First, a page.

Herman F. Holocaust testimony (HVT-373) interviewed by Sally Weinberg
- Cleveland, Ohio : National Council of Jewish Women, Holocaust Archive Project, 1984
- Interview Date
- August 6, 1984.
- 2 copies: 3/4 in. dub; and 1/2 in. VHS with time coding.
- Cite As
- Herman F. Holocaust Testimony (HVT-373). Fortunoff Video Archive for Holocaust Testimonies, Yale University Library.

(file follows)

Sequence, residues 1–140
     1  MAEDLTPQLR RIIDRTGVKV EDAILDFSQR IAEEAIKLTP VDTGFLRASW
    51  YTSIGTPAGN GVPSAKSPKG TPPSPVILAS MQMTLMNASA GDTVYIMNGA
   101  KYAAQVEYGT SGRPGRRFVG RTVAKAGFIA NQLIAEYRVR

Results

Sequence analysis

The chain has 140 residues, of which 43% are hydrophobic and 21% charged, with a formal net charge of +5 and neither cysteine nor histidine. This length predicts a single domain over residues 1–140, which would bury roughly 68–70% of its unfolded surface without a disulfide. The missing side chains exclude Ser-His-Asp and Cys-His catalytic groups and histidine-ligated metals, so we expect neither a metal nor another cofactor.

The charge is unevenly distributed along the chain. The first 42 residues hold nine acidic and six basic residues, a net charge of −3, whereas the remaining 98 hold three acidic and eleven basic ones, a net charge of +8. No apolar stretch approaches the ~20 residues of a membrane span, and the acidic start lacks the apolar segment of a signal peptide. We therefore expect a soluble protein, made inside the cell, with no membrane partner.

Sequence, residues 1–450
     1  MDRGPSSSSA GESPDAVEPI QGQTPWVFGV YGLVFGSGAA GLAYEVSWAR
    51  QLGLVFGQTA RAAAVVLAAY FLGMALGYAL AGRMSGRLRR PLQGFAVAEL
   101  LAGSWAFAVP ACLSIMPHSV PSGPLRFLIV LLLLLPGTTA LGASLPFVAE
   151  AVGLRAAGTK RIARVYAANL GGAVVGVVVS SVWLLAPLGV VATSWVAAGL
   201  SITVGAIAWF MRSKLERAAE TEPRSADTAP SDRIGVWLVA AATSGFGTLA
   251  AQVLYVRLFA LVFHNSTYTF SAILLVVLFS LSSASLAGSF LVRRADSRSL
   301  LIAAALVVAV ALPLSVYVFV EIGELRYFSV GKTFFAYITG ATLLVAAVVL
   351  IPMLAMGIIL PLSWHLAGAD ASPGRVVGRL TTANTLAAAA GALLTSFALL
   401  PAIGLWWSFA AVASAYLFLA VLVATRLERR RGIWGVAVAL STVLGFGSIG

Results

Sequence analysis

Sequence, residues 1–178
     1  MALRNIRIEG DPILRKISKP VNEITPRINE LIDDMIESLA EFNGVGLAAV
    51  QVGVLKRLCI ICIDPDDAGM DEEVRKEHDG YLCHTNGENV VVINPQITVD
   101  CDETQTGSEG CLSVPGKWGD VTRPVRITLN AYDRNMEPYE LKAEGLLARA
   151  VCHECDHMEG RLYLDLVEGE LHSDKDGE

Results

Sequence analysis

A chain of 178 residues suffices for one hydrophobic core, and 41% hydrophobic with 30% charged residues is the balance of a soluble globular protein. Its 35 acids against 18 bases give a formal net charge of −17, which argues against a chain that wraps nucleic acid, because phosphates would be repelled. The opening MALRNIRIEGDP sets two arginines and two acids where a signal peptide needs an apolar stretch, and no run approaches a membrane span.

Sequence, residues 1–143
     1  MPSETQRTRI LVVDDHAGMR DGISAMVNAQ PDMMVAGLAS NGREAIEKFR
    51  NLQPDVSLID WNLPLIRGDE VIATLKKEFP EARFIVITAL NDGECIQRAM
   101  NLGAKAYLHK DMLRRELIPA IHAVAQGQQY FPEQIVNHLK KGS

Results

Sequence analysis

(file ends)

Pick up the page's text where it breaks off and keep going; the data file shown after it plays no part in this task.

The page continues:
Videotape testimony of Herman F., who was born in Łódź, Poland in approximately 1925, the only child of a wealthy family. He recounts attending private school; antisemitic harassment; his father's death in 1939; German invasion; his mother's efforts to hide their assets (gold, diamonds, etc.) in clothing and on their bodies; ghettoization; attending school until it closed; working in offices; his mother's selection for deportation (she bribed her way out); her death; deportation to Auschwitz in 1944; transfer to Gleiwitz several days later; slave labor digging ditches; briefly escaping from a death march with three others; transfer to Gross-Rosen; a German prisoner official offering him easier work for sexual favors; refusing, resulting in assignment moving bodies of prisoners who committed suicide; transport five days later to Buchenwald; beatings by Soviet POWs; transfer to Berga; assistance from friends when he was injured; escaping with friends from a death march; hiding; arrest; convincing officials they were Polish workers; obtaining papers as such; working on local farms; traveling to Spiegelau when the war ended; marriage to a survivor; his son's birth; and emigration to the United States in 1949. Mr. F. attributes his survival to his never losing hope due to his young age and to being alone, thus focusing only on himself. He discusses recurring nightmares.